European elections: Nationalists look to build alliances

Beppe Grillo (left) meets Nigel Farage Nigel Farage met the leader of the Italian Five Star Movement, Beppe Grillo, to discuss potential co-operation

So the pitchfork army from the far right has stormed the barricades.

Well, not quite.

But five of the populist nationalist parties that won seats in the next European parliament have held a joint press conference in Brussels to declare their intentions.

On the podium were leaders from the Front National in France, the Party for Freedom (PVV) from the Netherlands, the Freedom Party (FPO) of Austria, the Lega Nord from Italy and the Vlaams Belang (Flemish Interest) from Belgium.

They have won 38 seats between them. Out of 751. If it's an earthquake, the foundations of the parliament building are still standing.

Marine Le Pen of the Front National was the star of the show, and will be the clear leader of the new group the parties hope to form.

"The elections were a big success for us, absolutely historic," she said.

She brushed off accusations from the UKIP leader Nigel Farage, who has described her party as racist. Mr Farage has emphasised repeatedly that he will have nothing to do with the Front National.

Marine Le Pen and Geert Wilders give press conference at EU parliament in Brussels. 28 May 2014 Marine Le Pen and Geert Wilders held a joint news conference in Brussels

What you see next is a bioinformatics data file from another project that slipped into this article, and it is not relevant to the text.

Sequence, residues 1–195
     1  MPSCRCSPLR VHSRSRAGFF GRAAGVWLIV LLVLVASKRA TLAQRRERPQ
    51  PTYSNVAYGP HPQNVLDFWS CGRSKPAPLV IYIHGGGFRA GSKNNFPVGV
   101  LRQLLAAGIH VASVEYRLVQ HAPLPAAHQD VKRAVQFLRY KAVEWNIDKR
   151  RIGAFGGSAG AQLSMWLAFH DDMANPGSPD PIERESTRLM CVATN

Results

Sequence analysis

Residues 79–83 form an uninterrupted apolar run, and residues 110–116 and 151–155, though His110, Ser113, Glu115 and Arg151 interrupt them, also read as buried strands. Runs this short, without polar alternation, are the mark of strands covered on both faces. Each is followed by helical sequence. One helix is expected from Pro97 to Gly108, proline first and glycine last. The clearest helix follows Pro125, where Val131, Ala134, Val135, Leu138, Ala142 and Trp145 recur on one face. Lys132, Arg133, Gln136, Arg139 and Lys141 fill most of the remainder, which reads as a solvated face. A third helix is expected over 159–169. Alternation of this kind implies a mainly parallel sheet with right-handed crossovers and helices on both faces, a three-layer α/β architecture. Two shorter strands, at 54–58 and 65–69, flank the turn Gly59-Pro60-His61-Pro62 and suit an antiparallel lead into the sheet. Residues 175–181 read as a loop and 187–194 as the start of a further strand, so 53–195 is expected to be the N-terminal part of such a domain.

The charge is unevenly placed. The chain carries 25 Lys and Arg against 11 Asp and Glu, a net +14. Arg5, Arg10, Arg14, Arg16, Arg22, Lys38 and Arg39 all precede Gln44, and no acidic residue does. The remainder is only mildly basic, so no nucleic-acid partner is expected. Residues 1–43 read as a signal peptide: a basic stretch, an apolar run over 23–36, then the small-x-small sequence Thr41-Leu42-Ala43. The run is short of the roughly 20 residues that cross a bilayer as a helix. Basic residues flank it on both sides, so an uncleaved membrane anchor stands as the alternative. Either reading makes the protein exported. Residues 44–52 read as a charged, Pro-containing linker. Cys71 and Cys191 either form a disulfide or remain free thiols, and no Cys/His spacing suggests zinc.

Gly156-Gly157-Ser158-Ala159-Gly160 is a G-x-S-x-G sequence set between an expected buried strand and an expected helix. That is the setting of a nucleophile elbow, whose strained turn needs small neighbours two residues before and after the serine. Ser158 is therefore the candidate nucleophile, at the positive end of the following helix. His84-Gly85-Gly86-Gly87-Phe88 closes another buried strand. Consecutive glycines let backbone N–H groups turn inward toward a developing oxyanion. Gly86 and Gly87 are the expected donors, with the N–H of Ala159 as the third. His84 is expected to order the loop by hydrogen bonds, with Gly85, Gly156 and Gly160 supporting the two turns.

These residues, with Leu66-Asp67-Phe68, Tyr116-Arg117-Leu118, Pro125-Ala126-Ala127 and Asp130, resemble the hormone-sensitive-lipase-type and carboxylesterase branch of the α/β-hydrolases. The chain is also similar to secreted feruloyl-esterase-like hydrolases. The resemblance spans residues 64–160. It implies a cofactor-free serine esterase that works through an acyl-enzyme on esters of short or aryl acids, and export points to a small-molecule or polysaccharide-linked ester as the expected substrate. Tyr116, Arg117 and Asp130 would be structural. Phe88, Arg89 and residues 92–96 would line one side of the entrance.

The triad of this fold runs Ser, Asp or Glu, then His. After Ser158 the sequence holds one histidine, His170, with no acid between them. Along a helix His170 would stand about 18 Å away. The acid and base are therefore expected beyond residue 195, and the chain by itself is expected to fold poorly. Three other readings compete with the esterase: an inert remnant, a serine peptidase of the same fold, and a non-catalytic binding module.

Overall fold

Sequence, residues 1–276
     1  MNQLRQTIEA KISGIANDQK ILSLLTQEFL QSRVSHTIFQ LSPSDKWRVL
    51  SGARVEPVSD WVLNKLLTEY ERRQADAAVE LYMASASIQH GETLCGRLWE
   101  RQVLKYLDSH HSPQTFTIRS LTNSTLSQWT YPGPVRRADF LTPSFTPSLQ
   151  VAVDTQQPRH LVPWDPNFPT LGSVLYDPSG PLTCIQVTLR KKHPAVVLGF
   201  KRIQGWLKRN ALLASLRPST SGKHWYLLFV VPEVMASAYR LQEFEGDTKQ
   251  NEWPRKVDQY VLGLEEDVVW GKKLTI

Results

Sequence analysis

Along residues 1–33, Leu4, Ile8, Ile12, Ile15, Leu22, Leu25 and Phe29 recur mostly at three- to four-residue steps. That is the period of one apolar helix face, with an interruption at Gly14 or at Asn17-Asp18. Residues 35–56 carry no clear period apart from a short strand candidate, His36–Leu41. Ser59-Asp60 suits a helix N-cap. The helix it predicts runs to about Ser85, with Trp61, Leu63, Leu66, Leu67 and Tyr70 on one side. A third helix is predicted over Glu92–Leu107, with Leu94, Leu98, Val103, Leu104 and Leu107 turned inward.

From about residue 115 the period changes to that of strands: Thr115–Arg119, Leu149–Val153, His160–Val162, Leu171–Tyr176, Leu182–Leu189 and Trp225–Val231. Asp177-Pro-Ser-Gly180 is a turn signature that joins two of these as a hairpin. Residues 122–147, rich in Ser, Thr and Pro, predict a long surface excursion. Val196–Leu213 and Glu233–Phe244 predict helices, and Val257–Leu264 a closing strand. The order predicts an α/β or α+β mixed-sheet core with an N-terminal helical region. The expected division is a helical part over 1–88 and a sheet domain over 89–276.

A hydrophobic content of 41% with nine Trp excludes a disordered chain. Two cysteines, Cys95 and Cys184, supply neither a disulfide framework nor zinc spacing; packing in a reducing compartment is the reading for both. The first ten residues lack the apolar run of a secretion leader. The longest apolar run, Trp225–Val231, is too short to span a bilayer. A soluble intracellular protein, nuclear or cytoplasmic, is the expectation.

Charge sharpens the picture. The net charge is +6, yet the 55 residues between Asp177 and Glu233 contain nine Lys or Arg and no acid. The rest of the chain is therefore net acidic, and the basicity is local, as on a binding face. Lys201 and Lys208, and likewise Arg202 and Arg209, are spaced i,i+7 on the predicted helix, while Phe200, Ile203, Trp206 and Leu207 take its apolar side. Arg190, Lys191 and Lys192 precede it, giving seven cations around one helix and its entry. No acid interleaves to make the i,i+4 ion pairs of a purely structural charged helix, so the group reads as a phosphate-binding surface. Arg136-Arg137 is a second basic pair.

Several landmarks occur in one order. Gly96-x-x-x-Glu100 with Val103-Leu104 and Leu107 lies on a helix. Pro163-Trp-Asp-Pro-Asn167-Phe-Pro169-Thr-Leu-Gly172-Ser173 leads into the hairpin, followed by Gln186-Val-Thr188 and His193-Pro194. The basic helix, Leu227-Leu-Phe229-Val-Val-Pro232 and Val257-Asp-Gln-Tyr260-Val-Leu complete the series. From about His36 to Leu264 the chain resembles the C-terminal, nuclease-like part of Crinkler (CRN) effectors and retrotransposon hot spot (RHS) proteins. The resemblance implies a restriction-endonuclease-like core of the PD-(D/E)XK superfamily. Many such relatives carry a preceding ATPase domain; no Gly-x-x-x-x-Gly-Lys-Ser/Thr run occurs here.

"He's being tactical," she said. "He wants to stay as the head of his group in parliament. Sorry, Nigel, we're forming our own group!"

Mr Farage, meanwhile, was meeting the leader of the Italian Five Star Movement, the former stand-up comedian, Beppe Grillo, to discuss the potential for co-operation.

"If we can come to an agreement, we could have fun causing a lot of trouble for Brussels," Mr Farage said.

But the anti-establishment vote in the next parliament will be fragmented. There will be frequent squabbles and constant bickering.

PVV leader Geert Wilders, who didn't do as well in the elections as he had originally hoped, said the five parties gathered in Brussels would announce further allies in the next few weeks.

That will enable them to reach the minimum requirement for forming a parliamentary group - seven parties from different countries with at least 25 MEPs between them.

Will they try to steal some would-be parliamentary allies of Mr Farage to finalise their group?

It's not impossible. Forming a group gives you access to funding and more speaking time to make your point.

"We want to establish a group of parties that fight for sovereignty for the nation-state," Mr Wilders said.

And one thing they are good at is making some noise.

They represent a significant chunk of voters - especially in France - who are disaffected with Europe.

We will be hearing more from them.

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